People in this country like to complain about welfare and public assistance, but the reality for most of us is that we are never more than one paycheck away from needing that assistance. As our friends and family justify and support the placing of children in cages, perhaps it’s time for them to wake up and acknowledge that we are one Executive Order away from it being our children in those cages.

My kids are the best, but so are their kids.


Sean Michael O’Donnell is 43 year old married gay man. He lives in Pittsburgh with his husband and three sons. Sean enjoys Law & Order reruns, Christmas movies in October, and Facebook stalking. He likes donuts and beer. Sometimes he goes to the gym.  He is the author of the best-selling book Which One of You is the Mother?

who we are

I walked to work today. I usually take the subway, but today I walked. I needed time to think – or, not think – to clear my head, to process the events of the past 24 hours. But instead of thinking (or not thinking) I found myself watching faces. I live in the city so, unlike people living in the majority of the country, the faces I see every day are different than my own face. The faces I see are the faces of African Americans, Hispanic Americans, Asian Americans, Native Americans, Muslim Americans, Jewish Americans, Gay Americans, Transgender Americans.

These are the faces that make America great every single day.

I celebrate them. I cherish them. I count myself lucky to be among them.

So as I walked the mile from the parking garage to my office on this, the morning after our country elected a misogynistic, racist, xenophobic, anti-LGBT, anti-Muslim, wall-building, tax-dodging, crotch-grabbing demagogue, I studied the faces of my fellow Americans and, for perhaps the first time, every face looked the same. By the stadium, across the bridge, waiting in line at Starbucks, on the steps of the church – everywhere – I saw written across these faces the same thing: shock, sadness, embarrassment.

I had spent the previous evening watching the election results and, with each state that turned red, I turned to my husband and asked, “Who are we?”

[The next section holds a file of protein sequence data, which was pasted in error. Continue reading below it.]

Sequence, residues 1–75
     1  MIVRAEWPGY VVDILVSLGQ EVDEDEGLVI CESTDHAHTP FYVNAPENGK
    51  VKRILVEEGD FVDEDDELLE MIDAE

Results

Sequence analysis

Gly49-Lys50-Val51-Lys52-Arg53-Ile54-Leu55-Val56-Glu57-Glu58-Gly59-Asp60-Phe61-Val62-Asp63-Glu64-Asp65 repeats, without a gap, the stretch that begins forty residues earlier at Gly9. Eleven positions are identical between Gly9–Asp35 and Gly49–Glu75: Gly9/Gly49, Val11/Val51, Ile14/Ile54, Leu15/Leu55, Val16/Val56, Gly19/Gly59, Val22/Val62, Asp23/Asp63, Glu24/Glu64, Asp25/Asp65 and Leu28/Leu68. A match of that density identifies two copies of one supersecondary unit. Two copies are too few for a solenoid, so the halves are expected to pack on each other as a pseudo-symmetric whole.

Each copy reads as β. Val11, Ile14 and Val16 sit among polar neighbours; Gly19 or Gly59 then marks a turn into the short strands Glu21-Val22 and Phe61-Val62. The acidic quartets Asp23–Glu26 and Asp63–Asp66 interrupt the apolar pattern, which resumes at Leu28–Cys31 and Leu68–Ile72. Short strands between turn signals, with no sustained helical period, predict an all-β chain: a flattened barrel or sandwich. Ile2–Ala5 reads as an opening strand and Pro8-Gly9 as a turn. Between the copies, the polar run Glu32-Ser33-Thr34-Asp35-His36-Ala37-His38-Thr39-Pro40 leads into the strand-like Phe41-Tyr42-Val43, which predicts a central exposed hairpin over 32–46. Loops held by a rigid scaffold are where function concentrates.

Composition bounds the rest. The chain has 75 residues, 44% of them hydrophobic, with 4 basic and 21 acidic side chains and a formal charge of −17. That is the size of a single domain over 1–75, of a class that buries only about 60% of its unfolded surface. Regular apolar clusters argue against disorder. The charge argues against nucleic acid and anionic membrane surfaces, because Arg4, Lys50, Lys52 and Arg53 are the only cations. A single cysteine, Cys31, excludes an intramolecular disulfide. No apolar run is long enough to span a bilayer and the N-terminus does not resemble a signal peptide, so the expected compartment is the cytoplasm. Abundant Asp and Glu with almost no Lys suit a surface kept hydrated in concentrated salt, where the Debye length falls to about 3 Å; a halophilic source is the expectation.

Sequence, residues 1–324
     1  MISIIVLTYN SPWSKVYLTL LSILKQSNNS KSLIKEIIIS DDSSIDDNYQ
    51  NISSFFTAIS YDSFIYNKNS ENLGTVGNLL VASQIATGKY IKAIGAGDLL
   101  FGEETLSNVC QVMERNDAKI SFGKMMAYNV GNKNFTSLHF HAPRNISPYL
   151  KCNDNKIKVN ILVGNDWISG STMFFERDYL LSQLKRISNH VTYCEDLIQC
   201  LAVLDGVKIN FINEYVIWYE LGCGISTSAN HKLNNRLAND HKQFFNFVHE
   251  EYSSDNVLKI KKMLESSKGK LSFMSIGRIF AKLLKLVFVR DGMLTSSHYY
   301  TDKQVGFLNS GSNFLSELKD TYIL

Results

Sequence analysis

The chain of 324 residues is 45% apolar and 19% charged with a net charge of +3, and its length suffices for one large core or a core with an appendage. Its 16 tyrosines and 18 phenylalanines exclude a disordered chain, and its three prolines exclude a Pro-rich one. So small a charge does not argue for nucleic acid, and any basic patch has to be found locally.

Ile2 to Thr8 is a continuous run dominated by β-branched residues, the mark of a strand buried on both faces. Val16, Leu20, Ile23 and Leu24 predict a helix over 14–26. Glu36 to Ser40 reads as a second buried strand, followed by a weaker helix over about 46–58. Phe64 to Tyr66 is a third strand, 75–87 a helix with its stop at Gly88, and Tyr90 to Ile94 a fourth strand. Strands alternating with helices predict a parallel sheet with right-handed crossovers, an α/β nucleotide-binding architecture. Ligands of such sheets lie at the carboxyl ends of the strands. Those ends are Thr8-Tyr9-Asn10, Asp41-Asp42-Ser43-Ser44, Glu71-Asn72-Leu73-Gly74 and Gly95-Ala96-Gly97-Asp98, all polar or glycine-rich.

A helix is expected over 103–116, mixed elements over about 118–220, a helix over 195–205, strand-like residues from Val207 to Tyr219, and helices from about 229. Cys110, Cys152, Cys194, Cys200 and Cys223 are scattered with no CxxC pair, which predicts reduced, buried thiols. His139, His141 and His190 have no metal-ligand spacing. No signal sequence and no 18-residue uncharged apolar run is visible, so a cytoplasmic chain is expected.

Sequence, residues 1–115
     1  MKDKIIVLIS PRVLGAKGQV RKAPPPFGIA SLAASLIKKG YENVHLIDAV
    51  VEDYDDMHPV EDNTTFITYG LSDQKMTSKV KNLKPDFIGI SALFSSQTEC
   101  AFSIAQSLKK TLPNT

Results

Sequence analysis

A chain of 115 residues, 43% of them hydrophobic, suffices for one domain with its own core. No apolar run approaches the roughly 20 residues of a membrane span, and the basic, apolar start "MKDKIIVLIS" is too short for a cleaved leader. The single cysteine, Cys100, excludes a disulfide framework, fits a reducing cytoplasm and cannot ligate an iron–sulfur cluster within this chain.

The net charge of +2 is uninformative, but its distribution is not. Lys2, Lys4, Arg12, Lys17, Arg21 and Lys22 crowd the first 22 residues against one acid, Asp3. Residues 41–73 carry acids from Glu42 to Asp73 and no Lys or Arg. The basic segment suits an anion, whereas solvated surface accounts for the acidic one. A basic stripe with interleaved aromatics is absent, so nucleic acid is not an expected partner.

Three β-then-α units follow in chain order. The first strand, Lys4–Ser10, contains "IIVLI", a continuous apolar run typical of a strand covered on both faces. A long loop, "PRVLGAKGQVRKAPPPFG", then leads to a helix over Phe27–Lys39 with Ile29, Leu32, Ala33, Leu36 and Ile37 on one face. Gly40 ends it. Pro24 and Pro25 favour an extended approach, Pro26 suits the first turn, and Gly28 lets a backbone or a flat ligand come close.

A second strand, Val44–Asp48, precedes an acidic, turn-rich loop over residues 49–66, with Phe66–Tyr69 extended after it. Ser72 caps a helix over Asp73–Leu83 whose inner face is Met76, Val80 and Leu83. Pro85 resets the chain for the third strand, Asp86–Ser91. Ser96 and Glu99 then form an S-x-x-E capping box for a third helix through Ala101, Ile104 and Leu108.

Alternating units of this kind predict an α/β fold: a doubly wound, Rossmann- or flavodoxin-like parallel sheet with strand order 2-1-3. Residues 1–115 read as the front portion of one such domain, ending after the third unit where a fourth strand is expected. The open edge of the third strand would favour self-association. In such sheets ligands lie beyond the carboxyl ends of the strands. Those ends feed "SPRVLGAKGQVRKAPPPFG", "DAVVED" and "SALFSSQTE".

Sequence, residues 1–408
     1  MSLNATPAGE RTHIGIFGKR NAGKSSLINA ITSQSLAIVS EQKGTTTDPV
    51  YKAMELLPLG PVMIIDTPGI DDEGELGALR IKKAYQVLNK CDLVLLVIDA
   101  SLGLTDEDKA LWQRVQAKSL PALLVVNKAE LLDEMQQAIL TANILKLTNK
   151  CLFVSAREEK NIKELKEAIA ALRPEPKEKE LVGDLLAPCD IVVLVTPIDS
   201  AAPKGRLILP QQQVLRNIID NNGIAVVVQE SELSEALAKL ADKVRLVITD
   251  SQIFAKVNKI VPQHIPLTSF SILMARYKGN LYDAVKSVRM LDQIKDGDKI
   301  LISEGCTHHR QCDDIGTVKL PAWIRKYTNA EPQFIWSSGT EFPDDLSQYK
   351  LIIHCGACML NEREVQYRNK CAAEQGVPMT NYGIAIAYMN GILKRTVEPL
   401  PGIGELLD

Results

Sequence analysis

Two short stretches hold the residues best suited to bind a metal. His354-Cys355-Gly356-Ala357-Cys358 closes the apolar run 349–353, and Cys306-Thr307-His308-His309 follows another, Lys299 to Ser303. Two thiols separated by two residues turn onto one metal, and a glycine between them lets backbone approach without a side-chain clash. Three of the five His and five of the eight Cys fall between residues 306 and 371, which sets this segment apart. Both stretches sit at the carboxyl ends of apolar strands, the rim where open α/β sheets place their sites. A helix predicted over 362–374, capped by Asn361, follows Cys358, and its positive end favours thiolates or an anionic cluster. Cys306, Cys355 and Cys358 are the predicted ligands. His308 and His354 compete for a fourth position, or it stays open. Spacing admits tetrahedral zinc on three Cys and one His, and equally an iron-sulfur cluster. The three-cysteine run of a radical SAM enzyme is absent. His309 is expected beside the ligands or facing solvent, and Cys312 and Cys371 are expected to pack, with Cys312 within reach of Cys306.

Now, confronted by the faces of my fellow Americans, I saw exactly who we were.

In their faces I saw the faces of all the women I knew and how it must have felt to wake up to learn that the glass ceiling had not been shattered, but reinforced.

I saw the faces of my female friends who had exercised the deeply personal right to choose and what it must be like for them to now have that right in doubt.

I saw the faces of my friends and their Hispanic children and I tried to imagine the sense of fear and uncertainty those kids would face in this new America with its walls and borders and hatred of brown people.

I saw the faces of the many incredible gay men and women who fought so hard for equality and who were now faced with losing that equality at the hands of family and friends who had turned their backs on them in the name of change or protest.

I saw the faces of my transgender friends who still have to fight to use a public restroom.

I saw the faces of the brave parents who fight every day for their special needs children and how much harder that fought just became for them.

I saw the face of my African American foster son and what it must be like for him in a world where all lives matter and blue lives matter, but only sometimes do black lives matter.

I saw the faces of my adopted children and I understood that in a world run by Mike Pence they would not be my children.